If you’ve decided to make the switch to a traditional bow recently, you’re probably still frustrated at some of the difficulties and challenges in shooting consistently with your longbow or recurve. Don’t worry too much, though. If you have solid form with your compound bow, you’re not starting from scratch. Many of the basic principles carry over from compound to traditional bow. But some of them need to be tweaked, and they tend to be more difficult to carry out from shot to shot. Here are three of those principles, and how you can adapt them for traditional archery.
Still unsure about making the switch? Check out my tips from last week.
1. Back tension
What we call back tension is a key part of executing a good shot. I would define it as essentially squeezing your shoulder blades together while at full draw. You want all of the draw weight of the bow held by your back and shoulders, NOT by your arm. If you use your arm muscles to hold back the weight of the bow, your draw will tend to collapse, and your hand will come off of your face instead of straight back when you release. You will find it more difficult to maintain back tension, because you’ll be holding all of the draw weight of the bow, rather than 15 or 20 pounds like you did with your compound. You can do it, just start out doing it right with a light bow and work your way up, remaining mindful to keep pulling your shoulder blades toward each other.
2. Draw arm position
One of the biggest things I struggled with was keeping my elbow down. Whatever bow you’re shooting, you want your drawing forearm to be in alignment with the arrow and axis of pull. If it’s not, you put torque on the bow, and that will make your shots less consistent. When using a mechanical release, often mounted on the inside of the wrist, many folks naturally use an “overhand” grip, with their hand and forearm sitting “on top” of the axis of pull. This means that a direct line from the nock of the arrow to the elbow will be on the bottom side of the arm. For a traditional bow, your arm will be positioned lower in relation to the axis. For me, shooting three fingers under the nock, the axis is on top of my arm. When one switches over from a compound, and begins shooting with fingers, your forearm will be rotated so that the inside of your wrist is basically parallel to the string, and it will be necessary to keep your elbow down farther than what will feel correct initially. Just like with a compound, you want your elbow in a position so that a direct line from the nock to your elbow is as parallel with the arrow as possible.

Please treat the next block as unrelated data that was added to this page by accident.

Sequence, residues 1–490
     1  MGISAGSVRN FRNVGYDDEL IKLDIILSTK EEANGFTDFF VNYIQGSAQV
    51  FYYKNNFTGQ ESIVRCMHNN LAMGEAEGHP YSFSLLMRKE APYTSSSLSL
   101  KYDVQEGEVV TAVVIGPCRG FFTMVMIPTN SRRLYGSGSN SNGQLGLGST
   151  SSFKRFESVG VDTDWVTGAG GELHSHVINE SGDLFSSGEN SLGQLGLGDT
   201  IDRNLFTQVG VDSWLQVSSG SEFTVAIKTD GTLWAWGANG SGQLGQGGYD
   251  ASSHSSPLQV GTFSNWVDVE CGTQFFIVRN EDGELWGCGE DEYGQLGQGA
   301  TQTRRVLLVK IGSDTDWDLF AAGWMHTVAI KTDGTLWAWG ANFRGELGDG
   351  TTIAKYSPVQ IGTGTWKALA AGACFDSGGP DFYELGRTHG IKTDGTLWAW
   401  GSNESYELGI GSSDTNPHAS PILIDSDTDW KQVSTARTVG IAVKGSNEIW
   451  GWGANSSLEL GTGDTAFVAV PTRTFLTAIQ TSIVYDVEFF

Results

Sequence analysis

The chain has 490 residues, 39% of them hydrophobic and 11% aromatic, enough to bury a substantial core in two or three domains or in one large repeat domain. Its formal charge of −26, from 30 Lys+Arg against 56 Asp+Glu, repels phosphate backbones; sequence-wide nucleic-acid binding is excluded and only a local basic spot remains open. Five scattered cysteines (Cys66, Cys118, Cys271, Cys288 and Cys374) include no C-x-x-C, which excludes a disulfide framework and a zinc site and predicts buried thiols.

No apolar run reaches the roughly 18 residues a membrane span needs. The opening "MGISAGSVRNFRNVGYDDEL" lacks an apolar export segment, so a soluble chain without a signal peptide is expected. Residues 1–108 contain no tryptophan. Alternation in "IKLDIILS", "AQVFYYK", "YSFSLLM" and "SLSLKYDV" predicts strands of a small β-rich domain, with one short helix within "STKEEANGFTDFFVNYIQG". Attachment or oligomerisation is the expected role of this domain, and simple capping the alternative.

3. Anchor point
You can’t be consistent without a consistent, repeatable anchor. You will have to find something that works for you, but if you can find and repeatedly use two qualifying variables (examples are the knuckle on your thumb held on a specific part of your jaw, or one of your feathers barely touching a specific part of your nose) then it is easier to keep that anchor consistent. Your anchor will also vary depending on whether you shoot three fingers under or split finger. Make sure your anchor is actually at full draw, and not short. If it’s short, you won’t be able to fully expand (remember: back tension) and your draw will tend to collapse before you release, which causes big-time inconsistencies.
If you’ve got these things down for compounds, and understand how to adapt them to traditional bows, you’re off to a great start. As you get started and continue to progress, it really helps to film yourself shoot. There’s an app for iPads and iPhones called Coach’s Eye that can be very helpful in analyzing your form. Simply seeing yourself shoot can point out some blatant errors you didn’t even know you were making. It’s especially helpful to teach you what proper position feels like. Once you learn what the right back tension and arm position feels like, you’ll know when you’re not doing it correctly.
Understand what changes you need to make, and then practice, practice, practice!